• Novel welcomes: Have a red carpet rolled out in the airport, and arrange for a marching band or calypso band to greet the group in the arrivals area, recommends Todd Vastine, vice president, travel, of Arlington, Texas-based Galactic Marketing Incentives Inc. Another meet-and-greet option is to employ actors wearing costumes. Greg Kurdian, president of Sunbound/Bahama Fantasies, a Fort Lauderdale, Fla.-based DMC, says one of the most memorable greetings he arranged involved ruler-wielding "nuns" who ushered the participants onto yellow school buses, then handed out cookies and little containers of milk.
  • Enliven the drive: When participants fly in and get rental cars to drive to their destinations (a popular option for Arizona incentives, for example), give them welcome packs and maps at the airport as well as a list of landmarks to visit along the way. "It really breaks up a long ride and puts them in celebration mode," says Garrett Ross, incentive sales manager at Enchantment Resort in Sedona, Ariz.

    Arriving at the property

  • Private check-in: Arrange for an exclusive check-in area to be set up at the hotel, so participants do not have to wait on line at the main registration desk. Some properties will send personnel to handle check-in en route from the airport to the property, so participants can go straight to their rooms.

  • Pillows ready: When participants have flown overnight to the destination, arrange for a special early check-in. For the bleary-eyed, there is no worse start to a program than being told they cannot go directly to their rooms. Planners should ensure rooms will be ready immediately for sleepy participants, even if it means booking them for the day prior to arrival.


  • Special messages: Leave messages on the hotel phones or closed-circuit TV to welcome participants, to outline an itinerary or as teasers: Instruct participants to bring their beach bags and towels to breakfast, but do not tell them they will be boarding a sailboat right after they eat, suggests Sunbound's Kurdian.
  • A wake-up surprise: Arrange to have baskets with glasses of fresh-squeezed orange juice and daily newspapers left outside participants' rooms each morning.

  • Read all about it: As a heightened form of recognition, create a daily newspaper filled with updates on the program and profiles of winners. Or, on trips where customers and sales representatives are together, profile the reps so their clients get to know them better, says Galactic Marketing Incentives' Vastine. Papers can be slipped under guest room doors in the morning.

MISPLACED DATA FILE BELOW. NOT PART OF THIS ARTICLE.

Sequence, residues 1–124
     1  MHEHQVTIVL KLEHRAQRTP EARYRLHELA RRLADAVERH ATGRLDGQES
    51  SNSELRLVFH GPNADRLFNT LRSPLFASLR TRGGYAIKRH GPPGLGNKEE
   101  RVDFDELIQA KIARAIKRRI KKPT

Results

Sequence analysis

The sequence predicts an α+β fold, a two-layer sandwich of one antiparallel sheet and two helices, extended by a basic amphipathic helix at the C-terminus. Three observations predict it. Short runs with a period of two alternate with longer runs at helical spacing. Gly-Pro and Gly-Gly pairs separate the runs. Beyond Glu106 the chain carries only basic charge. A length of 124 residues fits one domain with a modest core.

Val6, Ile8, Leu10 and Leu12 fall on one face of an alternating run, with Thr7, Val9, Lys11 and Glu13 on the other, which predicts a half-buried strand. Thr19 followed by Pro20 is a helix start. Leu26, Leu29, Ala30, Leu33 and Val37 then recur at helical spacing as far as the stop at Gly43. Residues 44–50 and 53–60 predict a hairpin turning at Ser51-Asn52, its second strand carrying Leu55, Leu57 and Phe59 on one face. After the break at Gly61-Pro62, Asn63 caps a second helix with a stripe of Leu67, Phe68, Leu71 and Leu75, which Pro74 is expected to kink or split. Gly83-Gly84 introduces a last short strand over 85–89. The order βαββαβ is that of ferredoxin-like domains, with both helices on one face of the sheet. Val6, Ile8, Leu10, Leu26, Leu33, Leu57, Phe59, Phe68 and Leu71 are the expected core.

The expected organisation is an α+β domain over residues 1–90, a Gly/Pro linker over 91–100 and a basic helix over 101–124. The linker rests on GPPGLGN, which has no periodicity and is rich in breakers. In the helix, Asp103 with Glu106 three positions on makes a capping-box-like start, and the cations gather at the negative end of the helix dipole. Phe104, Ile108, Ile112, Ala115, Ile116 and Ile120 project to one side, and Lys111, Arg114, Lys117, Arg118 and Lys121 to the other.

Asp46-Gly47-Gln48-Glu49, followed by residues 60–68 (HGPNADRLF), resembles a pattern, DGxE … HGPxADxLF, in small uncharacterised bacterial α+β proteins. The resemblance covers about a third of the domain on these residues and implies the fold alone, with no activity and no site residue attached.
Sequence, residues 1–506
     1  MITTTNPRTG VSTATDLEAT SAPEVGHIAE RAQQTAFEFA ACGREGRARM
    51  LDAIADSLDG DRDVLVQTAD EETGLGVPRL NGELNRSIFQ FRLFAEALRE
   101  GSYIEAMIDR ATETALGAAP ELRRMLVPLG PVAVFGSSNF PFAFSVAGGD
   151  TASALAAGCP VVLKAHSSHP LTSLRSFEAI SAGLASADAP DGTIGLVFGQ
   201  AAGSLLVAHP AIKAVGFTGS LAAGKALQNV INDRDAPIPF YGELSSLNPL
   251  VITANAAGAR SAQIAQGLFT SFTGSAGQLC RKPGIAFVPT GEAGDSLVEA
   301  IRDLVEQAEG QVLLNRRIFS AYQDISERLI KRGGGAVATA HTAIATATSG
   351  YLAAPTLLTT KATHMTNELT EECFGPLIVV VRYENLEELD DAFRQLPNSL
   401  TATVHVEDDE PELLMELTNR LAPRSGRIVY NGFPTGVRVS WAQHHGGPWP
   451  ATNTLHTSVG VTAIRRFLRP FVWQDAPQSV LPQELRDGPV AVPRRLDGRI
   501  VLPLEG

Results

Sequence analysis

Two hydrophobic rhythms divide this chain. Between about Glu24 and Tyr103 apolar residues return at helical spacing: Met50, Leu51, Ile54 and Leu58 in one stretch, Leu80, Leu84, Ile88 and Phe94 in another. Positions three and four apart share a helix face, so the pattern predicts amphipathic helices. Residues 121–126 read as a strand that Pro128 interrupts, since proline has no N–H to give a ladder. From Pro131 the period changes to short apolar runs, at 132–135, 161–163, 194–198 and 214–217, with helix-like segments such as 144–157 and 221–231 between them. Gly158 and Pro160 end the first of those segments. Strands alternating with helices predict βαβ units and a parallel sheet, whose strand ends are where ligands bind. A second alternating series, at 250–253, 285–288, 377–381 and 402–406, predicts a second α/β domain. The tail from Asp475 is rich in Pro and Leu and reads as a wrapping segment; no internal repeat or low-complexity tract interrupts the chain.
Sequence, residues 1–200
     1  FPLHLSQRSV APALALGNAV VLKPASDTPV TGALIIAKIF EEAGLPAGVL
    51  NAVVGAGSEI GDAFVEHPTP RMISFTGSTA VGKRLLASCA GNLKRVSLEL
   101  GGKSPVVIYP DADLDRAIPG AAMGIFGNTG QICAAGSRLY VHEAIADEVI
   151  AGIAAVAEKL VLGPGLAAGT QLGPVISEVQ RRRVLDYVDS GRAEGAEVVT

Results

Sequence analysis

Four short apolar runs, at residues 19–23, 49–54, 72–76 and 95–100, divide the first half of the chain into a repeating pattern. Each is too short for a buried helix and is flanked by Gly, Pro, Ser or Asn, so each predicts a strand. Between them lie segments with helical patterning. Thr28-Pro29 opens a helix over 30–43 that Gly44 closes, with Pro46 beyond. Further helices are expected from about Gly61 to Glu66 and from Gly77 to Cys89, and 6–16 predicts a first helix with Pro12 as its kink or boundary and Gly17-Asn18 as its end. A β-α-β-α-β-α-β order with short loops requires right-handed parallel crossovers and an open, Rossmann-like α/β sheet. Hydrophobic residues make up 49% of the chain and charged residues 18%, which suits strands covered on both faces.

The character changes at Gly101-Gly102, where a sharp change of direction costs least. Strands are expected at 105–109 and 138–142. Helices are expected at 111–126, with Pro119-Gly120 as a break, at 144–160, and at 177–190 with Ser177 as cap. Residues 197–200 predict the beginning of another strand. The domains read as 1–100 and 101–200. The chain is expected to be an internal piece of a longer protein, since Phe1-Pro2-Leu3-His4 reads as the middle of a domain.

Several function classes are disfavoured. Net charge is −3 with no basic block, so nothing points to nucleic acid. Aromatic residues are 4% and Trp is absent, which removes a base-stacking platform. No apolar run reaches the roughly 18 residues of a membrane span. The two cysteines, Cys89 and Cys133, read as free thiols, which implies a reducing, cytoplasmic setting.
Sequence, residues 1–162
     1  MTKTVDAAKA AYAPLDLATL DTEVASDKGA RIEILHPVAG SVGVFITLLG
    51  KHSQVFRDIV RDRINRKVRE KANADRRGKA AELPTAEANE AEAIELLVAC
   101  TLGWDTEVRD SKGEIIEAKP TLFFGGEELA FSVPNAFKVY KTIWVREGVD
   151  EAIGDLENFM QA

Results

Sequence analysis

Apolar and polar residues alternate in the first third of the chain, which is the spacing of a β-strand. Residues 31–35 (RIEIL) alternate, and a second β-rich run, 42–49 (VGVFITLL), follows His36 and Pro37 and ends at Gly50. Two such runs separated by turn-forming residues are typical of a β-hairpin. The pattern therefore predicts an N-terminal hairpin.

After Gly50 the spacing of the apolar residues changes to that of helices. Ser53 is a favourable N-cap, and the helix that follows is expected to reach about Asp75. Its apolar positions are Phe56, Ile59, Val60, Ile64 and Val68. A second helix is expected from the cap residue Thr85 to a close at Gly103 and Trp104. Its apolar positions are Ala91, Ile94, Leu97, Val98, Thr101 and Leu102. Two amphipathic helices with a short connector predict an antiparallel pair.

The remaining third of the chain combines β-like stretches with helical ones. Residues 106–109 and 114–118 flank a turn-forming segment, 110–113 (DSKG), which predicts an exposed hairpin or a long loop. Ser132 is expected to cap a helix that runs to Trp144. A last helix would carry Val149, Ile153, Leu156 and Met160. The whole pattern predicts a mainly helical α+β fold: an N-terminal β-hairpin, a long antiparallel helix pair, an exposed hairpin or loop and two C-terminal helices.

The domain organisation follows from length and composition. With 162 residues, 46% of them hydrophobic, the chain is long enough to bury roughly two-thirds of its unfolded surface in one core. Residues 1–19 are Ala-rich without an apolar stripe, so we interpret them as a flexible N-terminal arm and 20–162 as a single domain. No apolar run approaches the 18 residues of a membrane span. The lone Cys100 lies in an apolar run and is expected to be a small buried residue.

• Relaxation aids: Welcome weary participants with a bubble bath, and, to complete the mood of relaxation, have an iced bottle of champagne and glasses set up within easy reach of the tub.
  • Private happy hour: When folks are gearing up to go to an event and are getting dressed, have trays of cocktails and canapés delivered to the rooms.
  • Sweet dreams: Have a delicious surprise waiting for participants when they return to their rooms at the end of the evening. Novel desserts (chocolate pianos, marzipan golf courses), plates of minipastries or truffles, and after-dinner drinks are nice touches that bring closure to an enjoyable day. Another idea, courtesy of Sandi Cottrell, vice president of San Diego-based PRA Destination Management, is to leave a note on attendees' pillows inviting them to meet in the hotel's kitchen for pre-bedtime cookies and milk.


  • Stylish transfers: Buses are generic, and limos are elegant but a bit old hat. There are more memorable ways to transport participants from the property to an event, such as boats, vintage cars, trains, helicopters, motorcycles, even hot-air balloons. "Just remember, if you spend the extra money for unusual transfers, all the participants should be comfortable, and everyone should arrive at roughly the same time, or the effect will be lost," says Andrea Michaels, president of Extraordinary Events, a special-events firm based in Sherman Oaks, Calif.